Showing 101 - 125 of 2,892 comments
SethLewis, I think you just gave a perfect example of why they don’t. Once the reviews and the word of mouth got out on “NINE”, it had no chance to recoup its costs. The costs of money today requires immediate results and many DVD/BLU RAY release rights are sold based on opening week grosses. Only small films can afford a build-up and carefully aimed marketing campaign. When a bunch of teenagers show up for “NINE”, who never heard of Fellini and hate musicals anyway, you just lost your shirt on twitter.
Love the Roxy book, Ross Melnick.
I didn’t know the Rockettes predated Radio City Music Hall until I read your book.
The ad I saw in the Village Voice had it listed as ‘RICK’ Nelson, and indeed showing gay porn. Perhaps the name had nothing to do with the famous sixties entertainer but rather whoever was the owner at the time.
LeonNorman1814, could you be confusing this with the Cine Twin and Jocx at 711 Seventh Avenue. That venue is listed here;
Markp, take the “A"or the "C” train from the Port authority NORTH to 168th street and then walk up to 176th Street on Broadway.
Thanks for these great ads, Mark!
The Clearview has also closed.
It moved across the street to the Embassy 49, but the ads don’t specify the format. It ran again later that summer at the Guild for a couple of months.
Perhaps “2001” with a live orchestra is not a bad compromise.
The United States is not the world.
There is no online video market in China, India, Russia or any of the biggest movie-going markets in the world. Americans need to stop thinking this is 1949 and television is a problem. It’s just no longer about us.
If so, Ed, this would have been the Tomcat and Ricky Nelson screening room after this at 210 West 42nd street.
Movies on their last legs? Haven’t we heard that before? With record grosses world wide, a misstep with American audiences this summer is hardly a tragedy. We are simply no longer the major market for the industry. And you couldn’t near the theatres on 42nd street this past weekend with mobs crowding into mediocre titles.
The tiny Frisco flat marquee is on the far left. I think the movie is called “CULT BY PAIN”.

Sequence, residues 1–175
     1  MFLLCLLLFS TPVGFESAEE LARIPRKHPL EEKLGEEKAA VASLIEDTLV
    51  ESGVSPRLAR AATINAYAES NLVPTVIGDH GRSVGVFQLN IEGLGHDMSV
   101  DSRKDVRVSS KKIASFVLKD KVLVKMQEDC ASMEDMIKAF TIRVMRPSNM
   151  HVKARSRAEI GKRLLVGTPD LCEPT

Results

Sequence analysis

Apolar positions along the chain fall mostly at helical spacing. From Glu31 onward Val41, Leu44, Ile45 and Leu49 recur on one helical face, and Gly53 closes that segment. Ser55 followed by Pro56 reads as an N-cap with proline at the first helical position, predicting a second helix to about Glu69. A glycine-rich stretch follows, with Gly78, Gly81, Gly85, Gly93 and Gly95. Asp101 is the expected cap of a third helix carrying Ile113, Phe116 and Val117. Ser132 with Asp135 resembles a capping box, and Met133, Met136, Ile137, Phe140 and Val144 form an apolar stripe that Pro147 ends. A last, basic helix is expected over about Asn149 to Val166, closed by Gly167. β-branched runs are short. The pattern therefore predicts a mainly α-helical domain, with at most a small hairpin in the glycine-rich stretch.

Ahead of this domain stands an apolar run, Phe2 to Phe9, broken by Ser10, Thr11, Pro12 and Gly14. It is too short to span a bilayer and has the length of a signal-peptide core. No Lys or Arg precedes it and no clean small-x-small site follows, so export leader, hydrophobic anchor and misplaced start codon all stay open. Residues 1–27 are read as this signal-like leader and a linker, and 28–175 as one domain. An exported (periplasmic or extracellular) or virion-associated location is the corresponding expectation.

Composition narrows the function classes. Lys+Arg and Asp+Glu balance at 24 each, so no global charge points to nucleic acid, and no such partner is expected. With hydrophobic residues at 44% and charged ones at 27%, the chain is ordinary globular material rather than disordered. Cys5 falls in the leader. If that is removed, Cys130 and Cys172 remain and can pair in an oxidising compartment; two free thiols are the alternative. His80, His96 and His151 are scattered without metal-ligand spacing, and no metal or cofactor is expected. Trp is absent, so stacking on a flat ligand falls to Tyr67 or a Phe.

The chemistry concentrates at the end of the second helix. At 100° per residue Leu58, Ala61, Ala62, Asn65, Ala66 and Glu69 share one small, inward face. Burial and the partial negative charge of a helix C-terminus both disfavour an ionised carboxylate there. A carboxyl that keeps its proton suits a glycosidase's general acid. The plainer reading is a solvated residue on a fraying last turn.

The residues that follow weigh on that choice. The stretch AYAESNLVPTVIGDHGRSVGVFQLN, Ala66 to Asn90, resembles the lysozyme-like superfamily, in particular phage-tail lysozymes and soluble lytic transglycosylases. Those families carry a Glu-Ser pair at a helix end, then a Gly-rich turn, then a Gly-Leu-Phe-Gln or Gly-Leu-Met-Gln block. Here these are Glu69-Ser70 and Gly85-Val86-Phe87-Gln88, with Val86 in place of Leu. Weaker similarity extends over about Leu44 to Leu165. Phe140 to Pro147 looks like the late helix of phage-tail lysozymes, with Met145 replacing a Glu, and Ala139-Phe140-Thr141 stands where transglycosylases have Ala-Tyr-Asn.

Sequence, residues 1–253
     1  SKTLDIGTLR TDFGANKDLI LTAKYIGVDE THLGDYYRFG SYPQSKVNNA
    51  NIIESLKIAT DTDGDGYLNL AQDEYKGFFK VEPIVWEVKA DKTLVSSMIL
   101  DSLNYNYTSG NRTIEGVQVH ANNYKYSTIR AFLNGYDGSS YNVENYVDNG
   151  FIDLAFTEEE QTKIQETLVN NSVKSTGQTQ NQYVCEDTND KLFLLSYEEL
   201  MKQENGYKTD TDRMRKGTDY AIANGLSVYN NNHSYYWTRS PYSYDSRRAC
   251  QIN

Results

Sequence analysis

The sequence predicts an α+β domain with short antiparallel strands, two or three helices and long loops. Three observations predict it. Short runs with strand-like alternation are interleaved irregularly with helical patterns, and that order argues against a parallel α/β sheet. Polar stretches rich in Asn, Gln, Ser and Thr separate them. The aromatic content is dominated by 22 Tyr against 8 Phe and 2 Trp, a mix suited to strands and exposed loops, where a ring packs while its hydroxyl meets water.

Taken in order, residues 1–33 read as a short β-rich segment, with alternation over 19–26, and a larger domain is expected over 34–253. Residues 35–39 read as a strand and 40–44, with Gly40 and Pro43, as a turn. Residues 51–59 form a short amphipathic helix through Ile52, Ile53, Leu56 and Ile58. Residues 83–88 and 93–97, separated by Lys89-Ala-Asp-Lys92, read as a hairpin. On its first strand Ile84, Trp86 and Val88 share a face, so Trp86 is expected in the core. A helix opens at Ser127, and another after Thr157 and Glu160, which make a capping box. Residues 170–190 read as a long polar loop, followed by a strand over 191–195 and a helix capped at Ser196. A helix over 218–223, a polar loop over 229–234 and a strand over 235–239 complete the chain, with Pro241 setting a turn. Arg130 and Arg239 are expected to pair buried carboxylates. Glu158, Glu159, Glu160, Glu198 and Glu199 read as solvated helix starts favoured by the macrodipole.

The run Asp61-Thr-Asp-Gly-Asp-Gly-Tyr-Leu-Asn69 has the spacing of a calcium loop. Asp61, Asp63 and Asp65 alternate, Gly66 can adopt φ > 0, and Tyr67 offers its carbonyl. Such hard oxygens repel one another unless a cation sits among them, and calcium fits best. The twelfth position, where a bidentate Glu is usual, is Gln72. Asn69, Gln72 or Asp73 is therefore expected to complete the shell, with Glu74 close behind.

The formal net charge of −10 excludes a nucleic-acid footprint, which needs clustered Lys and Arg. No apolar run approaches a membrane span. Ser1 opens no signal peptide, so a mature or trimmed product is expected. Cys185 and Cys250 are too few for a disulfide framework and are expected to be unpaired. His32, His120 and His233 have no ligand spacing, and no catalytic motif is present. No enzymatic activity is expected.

This incident did not take place at the theatre. It happened on the street a block away after the couple left the theatre.
I think Warren just reverted to his old nastiness for a minute there. He will apologize or delete maybe?
Congratulations Michael on your great research. Love it!
The Upper East side has extremely high property values and an aging population. Seniors who used to migrate to Florida are staying put. Older citizens without kids are more prevalent in this section of the city than in other parts of New York, making it difficult to sustain a theatre in an industry increasing focuses only on a very young demographic.
It is mandated by the city.
Since the theatre is a tenant of the condo above it, I suspect they were told how bright they could go.
“The Nude Bomb” opened at the Gemini in 1980.
Aren’t you forgetting that “MIDNIGHT IN PARIS” was a big hit world wide just two years ago? It made over $151 million on a $17 million budget.
How many Hollywood movies have that ratio these days?
I lived in the space next to the Waverly in the early nineties. It eventually became part of the current IFC cinema remodel in 1999.
Opened late March 1969 with “LA PRISONNIERE” at the Avco Embassy East and “CAN HEIRONYMUS MERKIN EVER FORGET MERCY HUMPPE AND FIND TRUE HAPPINESS?” at the Pacific East.
Clara Bow was at the Roxy in person on Tuesday, November 29, 1932 when her film “CALL HER SAVAGE” was running there.